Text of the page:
"cp_card_serial_number": "Kaartserienummer", "cp_date": "Datum",
"cp_authorisation_code": "Autorisatiecode",
"cp_total": "Totaal", "cp_card_type_id": "CardTypeId",
"cp_card_type_text": "CardTypeText",
"cp_drawer_amount": "DrawerAmount", "cp_drawer_id": "DrawerId",
"cp_cancelable": "Cancelable", "cp_card_type": "Leesmethode"}

def parse_card_payment(product):
cp = dict.fromkeys(RECEIPT_ITEMS.keys())
for line in product.splitlines():
for key, value in RECEIPT_ITEMS.items():
if value in line:
cp[key] = line.split(":")[1].strip()
break
return cp


This has the advantage that if you ever have receipts in another language than Dutch (but with the same structure), you only need to localize the values of this dictionary and not change your whole code.

Note that I used str.splitlines, which automatically ignores trailing newlines.

A different approach might be to use a multi-line RegEx to perform the search directly, but that will probably be more complicated.

• Loved this approach, looks succinct and easily readable. Mar 13 '20 at 14:56
• Keep in mind that if more than one variable name appears in the same line, only the "first" (where "first" is determined by what order Python decides to retrieve the key/value pairs in) will be seen. If any variable names are a subset of another, that could be a problem. Mar 14 '20 at 5:39

# bugs

Due to the extra : in the lines, POI and Datum are parsed incorrectly

{'cp_poi': 'POI',
'cp_terminal': 'ABC123',
'cp_merchant': '123456',
'cp_period': '1234',
'cp_transaction': '12345678',
'cp_card': 'xxxxxxxxxxxxxxx1234',
'cp_card_serial_number': '0',
'cp_date': '01/01/2020 04',
'cp_authorisation_code': '123ABC',
'cp_total': '1,00 EUR',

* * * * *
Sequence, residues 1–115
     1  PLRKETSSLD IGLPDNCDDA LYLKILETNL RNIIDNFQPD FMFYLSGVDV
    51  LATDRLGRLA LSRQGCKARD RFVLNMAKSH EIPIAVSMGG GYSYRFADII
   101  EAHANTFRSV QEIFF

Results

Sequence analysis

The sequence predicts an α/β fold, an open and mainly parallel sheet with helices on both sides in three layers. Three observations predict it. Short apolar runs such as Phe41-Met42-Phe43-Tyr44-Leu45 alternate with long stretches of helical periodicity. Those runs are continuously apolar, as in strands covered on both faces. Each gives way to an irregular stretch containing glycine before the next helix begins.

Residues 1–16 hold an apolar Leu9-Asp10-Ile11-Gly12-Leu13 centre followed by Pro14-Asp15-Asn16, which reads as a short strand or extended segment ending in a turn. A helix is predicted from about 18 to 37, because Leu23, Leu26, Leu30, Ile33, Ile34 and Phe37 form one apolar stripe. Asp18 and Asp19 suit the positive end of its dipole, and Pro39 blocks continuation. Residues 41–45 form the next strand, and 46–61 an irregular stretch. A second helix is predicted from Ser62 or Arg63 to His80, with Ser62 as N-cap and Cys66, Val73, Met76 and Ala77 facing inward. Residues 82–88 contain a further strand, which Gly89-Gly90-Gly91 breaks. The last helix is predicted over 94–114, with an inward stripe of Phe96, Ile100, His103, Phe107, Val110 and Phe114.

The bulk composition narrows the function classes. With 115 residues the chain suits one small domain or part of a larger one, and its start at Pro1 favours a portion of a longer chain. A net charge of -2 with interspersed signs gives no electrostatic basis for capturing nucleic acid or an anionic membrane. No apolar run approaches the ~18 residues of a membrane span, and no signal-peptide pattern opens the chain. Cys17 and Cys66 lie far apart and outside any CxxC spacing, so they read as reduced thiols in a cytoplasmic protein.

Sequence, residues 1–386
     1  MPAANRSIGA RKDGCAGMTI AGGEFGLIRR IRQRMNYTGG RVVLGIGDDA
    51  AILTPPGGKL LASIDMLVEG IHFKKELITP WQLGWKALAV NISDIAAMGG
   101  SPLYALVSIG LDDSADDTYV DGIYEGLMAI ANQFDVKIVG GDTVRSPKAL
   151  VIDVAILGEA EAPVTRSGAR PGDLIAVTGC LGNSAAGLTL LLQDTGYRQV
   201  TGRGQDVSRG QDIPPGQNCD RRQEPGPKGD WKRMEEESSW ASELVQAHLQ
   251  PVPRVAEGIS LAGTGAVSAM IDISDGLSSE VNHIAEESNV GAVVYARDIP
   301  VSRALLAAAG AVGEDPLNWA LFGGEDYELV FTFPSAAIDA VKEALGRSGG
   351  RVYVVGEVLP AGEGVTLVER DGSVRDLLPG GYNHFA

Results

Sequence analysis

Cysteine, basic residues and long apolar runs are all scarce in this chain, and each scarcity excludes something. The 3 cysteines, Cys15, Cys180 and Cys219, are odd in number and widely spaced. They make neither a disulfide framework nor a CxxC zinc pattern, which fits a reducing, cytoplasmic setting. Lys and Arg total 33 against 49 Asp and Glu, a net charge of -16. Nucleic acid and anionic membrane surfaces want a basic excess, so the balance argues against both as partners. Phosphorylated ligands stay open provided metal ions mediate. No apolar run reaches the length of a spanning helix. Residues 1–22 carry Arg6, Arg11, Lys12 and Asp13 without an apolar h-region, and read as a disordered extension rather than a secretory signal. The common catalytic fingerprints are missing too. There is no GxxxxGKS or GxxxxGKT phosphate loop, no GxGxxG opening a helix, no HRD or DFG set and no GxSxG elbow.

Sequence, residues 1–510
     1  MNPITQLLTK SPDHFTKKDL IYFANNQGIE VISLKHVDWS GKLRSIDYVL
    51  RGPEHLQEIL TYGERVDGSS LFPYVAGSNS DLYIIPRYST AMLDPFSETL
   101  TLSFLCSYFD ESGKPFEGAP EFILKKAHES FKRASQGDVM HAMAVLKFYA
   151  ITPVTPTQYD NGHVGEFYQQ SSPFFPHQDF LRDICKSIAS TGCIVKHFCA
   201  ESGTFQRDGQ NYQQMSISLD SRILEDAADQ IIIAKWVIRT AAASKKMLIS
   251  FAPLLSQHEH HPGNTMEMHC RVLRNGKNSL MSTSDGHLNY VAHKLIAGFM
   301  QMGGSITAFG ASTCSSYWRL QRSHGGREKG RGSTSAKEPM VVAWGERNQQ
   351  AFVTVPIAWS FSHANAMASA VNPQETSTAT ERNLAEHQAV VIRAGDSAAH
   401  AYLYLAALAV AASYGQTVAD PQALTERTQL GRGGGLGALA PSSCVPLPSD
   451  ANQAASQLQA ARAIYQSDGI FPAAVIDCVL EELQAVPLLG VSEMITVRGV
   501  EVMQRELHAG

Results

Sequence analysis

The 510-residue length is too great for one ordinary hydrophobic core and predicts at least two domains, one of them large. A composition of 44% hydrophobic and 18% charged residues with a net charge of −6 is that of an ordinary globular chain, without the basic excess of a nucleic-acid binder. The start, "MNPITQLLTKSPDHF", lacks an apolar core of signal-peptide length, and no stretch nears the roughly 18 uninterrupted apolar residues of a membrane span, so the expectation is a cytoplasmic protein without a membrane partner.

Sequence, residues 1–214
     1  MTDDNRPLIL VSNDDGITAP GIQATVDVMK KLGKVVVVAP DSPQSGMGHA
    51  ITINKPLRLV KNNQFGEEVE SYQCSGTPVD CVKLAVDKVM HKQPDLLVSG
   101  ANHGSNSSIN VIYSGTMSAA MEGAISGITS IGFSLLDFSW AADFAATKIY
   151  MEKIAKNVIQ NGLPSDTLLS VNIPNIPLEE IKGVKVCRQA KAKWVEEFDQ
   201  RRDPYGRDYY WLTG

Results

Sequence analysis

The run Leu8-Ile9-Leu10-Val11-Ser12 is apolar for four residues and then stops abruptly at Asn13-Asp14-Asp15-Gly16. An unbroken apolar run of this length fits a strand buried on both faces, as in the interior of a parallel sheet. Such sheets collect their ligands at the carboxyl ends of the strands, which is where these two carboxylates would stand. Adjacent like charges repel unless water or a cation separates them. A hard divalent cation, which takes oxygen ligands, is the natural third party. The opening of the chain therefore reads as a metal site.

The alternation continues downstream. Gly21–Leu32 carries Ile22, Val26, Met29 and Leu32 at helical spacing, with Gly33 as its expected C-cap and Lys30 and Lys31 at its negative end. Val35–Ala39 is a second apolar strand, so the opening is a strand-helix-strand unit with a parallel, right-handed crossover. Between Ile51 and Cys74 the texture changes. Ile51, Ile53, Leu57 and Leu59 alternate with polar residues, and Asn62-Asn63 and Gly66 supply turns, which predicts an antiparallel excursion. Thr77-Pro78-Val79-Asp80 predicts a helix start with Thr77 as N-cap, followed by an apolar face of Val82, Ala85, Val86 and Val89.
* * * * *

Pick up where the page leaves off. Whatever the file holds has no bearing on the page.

'cp_card_type_id': '1234',
'cp_card_type_text': 'MAESTRO',
'cp_drawer_id': 'drawers/default',
'cp_drawer_amount': '1,00',
'cp_cancelable': 'True',
'cp_card_type': 'NFC Chip'}


# alternate approach

Instead of a giant if-elseif-if tree, I would as a function that parses a line, and returns the type of line with the value.

def parse_line(line):
"""
parses a line on a receipt.

Returns the datafield and value as a tuple
or tuple with the original text if there is no data on the line
"""
return tuple(part.strip() for part in line.split(': ')[-2:])


Note that I split on ": ". The space makes the parsing of the date correct. The [-2:] selects the last 2 items, making the POI parse correctly.

parsed_results = {
result[0]: result[1]
for result in (parse_line(line) for line in text.split("\n"))
if len(result) > 1
}

{'Text': 'PINNEN',
'POI': '12345678',
'Terminal': 'ABC123',
'Merchant': '123456',
'Periode': '1234',
'Transactie': '12345678',
'Kaart': 'xxxxxxxxxxxxxxx1234',
'Kaartserienummer': '0',
'Datum': '01/01/2020 04:15',
'Autorisatiecode': '123ABC',
'Totaal': '1,00 EUR',
'Leesmethode': 'NFC Chip',
'CardTypeId': '1234',
'CardTypeText': 'MAESTRO',
'ReceiptNumber': '',
'DrawerAmount': '1,00',
'Number': '1',
'DrawerId': 'drawers/default',
'DrawerNumber': '1',
'Amount': '1,00',
'IsCancelable': 'True'}


Or you can use regular expressions

import re

PATTERN = re.compile(r"(?:.*:\s*)?(\w+?):\s+(.*?)\s*\$")

def parse_line2(line):
return PATTERN.findall(line)

parsed_results2 = {
result[0][0]: result[0][1]
for result in (parse_line2(line) for line in text.split("\n"))
if result
}


In this simple case I would use the first parser method. If the patterns get a little more complicated, You can change to the re.

# translation: